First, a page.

Pro athletes' celebrity can make them targets

Physical confrontations and money scams are drawbacks of having fame and wealth

July 11, 2006|By PAUL MCMULLEN | PAUL MCMULLEN,SUN REPORTER

It's unknown whether Roderick Green's status as an NFL player had anything to do with the stabbing of the Ravens' reserve linebacker Sunday.

The league and team, however, devote considerable resources to educating their players about the downside of their celebrity in general, and specifically how to deal with incidents such as the one that endangered Green.

"I've spoken to the team a half-dozen times in preseason camp, precisely about this issue," said C. Carey Deeley, an attorney for the Ravens.

Green, whose injuries weren't considered serious, apparently was attacked after an early morning bumping incident at a Randallstown bowling center.

Professional athletes who are wealthy and enjoy the nightlife can get into an inordinate amount of trouble with their own reckless behavior, but occasionally they become victims of scammers or people out to prove they are physically tougher.

The violence that can ensue is a long way from the 1960s, when John Unitas could disarm a pesky fan by planting a kiss on Unitas' drinking buddy.

"The modern professional athlete reaps considerable rewards, from status to endorsement income," said Peter Roby, the director of the Center for the Study of Sport in Society at Northeastern University. "Unfortunately, their celebrity can result in people targeting them, for whatever reason. That comes with the territory.

"A professional athlete has a lot more money than the average person. They may settle a legal suit before it gets to court. There are also people who look to create a reputation for themselves by engaging a celebrity in physical violence. They can create notoriety where there is none, put a notch on their belt, if you will."

In February 2002, according to reports in The Sun, Ravens defensive end Michael McCrary was struck by a bottle and attacked by several men during a fight at a Redwood Street bar.

That same year, Ravens linebacker Ray Lewis ended a lengthy legal dispute over a 1999 fight in a Woodlawn bar.

According to reports in The Sun, two women had sued Lewis, and in response he filed charges of malicious prosecution. A Baltimore County jury cleared Lewis of wrongdoing and ordered the two women to pay him $10,000. He later dropped the malicious prosecution charge against the women, in return for their dropping their appeal of the jury award that had cleared Lewis.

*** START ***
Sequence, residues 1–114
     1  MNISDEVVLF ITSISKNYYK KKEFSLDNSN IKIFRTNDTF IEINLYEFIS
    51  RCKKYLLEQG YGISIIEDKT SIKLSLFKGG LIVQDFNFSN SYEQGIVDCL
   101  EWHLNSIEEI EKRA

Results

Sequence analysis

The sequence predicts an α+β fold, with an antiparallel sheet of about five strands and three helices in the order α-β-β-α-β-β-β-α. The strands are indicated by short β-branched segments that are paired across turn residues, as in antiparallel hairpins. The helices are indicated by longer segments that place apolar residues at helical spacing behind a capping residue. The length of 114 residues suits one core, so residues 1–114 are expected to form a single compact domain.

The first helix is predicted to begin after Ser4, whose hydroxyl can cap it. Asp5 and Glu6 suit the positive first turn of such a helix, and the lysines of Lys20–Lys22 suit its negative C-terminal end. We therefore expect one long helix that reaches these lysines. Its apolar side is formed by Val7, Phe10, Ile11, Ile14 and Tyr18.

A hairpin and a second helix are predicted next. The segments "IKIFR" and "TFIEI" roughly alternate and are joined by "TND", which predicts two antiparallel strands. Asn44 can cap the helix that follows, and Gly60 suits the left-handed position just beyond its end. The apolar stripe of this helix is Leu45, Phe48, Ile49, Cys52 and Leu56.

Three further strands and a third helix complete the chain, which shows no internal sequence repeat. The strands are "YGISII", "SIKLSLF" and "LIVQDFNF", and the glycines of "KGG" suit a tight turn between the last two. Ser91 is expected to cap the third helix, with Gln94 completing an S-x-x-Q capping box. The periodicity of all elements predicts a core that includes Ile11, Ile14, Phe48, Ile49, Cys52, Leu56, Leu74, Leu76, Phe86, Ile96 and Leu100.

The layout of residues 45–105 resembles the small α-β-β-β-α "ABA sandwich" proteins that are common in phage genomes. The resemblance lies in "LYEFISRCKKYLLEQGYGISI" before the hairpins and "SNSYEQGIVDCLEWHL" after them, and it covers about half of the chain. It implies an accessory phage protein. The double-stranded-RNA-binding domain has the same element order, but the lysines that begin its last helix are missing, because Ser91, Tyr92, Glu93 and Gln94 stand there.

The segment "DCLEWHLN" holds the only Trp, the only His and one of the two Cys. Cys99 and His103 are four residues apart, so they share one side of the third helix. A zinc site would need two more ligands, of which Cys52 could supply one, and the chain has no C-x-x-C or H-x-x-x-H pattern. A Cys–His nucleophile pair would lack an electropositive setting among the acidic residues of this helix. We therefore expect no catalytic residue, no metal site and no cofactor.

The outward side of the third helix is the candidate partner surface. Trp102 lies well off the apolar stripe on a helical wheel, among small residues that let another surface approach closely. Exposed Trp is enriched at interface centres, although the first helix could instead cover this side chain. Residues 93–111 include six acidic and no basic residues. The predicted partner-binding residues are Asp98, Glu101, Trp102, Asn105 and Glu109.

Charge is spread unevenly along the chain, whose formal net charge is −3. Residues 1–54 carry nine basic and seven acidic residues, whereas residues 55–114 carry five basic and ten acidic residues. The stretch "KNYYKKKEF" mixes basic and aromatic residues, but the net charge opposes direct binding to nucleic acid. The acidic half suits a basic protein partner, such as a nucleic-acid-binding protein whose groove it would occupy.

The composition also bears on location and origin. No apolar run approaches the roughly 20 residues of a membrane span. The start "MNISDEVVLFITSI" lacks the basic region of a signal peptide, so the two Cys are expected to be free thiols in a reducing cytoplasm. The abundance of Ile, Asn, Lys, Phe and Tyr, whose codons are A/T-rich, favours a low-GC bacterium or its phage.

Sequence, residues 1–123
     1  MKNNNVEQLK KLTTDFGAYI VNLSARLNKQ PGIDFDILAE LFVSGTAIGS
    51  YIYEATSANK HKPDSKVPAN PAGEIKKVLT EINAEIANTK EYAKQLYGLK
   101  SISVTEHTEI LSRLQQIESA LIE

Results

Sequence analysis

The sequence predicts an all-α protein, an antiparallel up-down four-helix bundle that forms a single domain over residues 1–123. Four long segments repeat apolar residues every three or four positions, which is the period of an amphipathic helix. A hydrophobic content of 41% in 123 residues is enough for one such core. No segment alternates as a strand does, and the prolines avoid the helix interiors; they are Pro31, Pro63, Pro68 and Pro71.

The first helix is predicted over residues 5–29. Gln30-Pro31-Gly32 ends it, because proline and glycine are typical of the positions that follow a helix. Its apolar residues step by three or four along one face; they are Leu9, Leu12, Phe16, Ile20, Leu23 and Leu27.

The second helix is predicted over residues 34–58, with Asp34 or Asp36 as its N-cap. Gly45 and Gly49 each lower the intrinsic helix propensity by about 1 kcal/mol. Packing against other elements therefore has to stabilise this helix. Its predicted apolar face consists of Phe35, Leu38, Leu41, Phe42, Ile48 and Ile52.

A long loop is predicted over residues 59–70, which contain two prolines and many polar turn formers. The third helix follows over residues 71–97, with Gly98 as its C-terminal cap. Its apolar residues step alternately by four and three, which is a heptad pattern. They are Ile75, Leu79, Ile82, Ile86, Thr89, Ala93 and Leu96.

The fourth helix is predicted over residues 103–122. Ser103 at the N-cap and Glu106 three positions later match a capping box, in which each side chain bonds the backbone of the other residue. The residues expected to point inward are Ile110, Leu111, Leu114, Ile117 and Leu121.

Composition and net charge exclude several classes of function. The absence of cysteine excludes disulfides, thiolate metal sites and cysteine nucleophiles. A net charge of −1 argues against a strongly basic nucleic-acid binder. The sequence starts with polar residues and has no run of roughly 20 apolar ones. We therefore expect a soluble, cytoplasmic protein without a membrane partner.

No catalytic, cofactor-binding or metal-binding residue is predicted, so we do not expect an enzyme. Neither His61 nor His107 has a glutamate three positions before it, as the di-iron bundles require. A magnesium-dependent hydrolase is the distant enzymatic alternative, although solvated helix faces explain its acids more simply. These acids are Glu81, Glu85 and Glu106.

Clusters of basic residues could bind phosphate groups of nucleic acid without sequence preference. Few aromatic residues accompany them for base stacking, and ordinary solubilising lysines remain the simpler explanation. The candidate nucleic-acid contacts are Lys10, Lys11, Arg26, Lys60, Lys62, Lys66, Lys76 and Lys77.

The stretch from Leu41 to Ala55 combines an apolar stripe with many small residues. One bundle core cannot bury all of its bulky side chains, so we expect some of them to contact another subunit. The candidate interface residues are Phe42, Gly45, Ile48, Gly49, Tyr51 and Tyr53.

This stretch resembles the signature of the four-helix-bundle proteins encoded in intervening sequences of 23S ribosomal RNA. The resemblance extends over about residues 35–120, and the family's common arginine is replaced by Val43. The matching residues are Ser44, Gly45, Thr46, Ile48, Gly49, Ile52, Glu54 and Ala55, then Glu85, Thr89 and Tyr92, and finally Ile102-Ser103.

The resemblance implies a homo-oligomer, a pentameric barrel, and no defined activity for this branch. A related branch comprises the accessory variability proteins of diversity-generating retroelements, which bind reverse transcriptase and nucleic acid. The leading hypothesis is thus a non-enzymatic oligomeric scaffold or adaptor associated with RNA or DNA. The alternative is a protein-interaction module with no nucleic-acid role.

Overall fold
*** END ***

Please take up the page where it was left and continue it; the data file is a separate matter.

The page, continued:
A bad run of publicity in 2004 for the Denver Nuggets' Carmelo Anthony included a fight with a rapper in a New York nightclub. The New York Times reported that three men were charged with attempting to extort $3 million from Anthony, a former Towson Catholic star, with a videotape of the incident.

Orioles fans remember first baseman Glenn Davis being demoted to Triple-A and having his jaw broken by a bouncer in June 1993. According to a 1996 Associated Press report, Davis won $1.6 million in a lawsuit stemming from that fight.

The stabbing of Green occurred two weeks to the day after the NFL opened its 10th Rookie Symposium, where the theme is "Choices, Decisions, Consequences."

That four-day gathering in San Diego was mandatory for all drafted players. The speakers included Shawne Merriman, a year after he attended as a rookie out of the University of Maryland. Beyond the financial advice, there were skits about pitfalls to avoid.

"We present players with various situations they might face in public," said Dan Masonson, an NFL spokesman.

O.J. Brigance, the Ravens' director of player development, oversees the team's educational program, which includes speakers such as Deeley.

"NFL athletes are not immune from becoming victims of violence," Deeley said. "The Ravens try to tell their players that, as public figures, they face a greater likelihood of standing out. Players are counseled to be alert and take reasonable steps to avoid the dangers that we all face on a daily basis."

paul.mcmullen@baltsun.com

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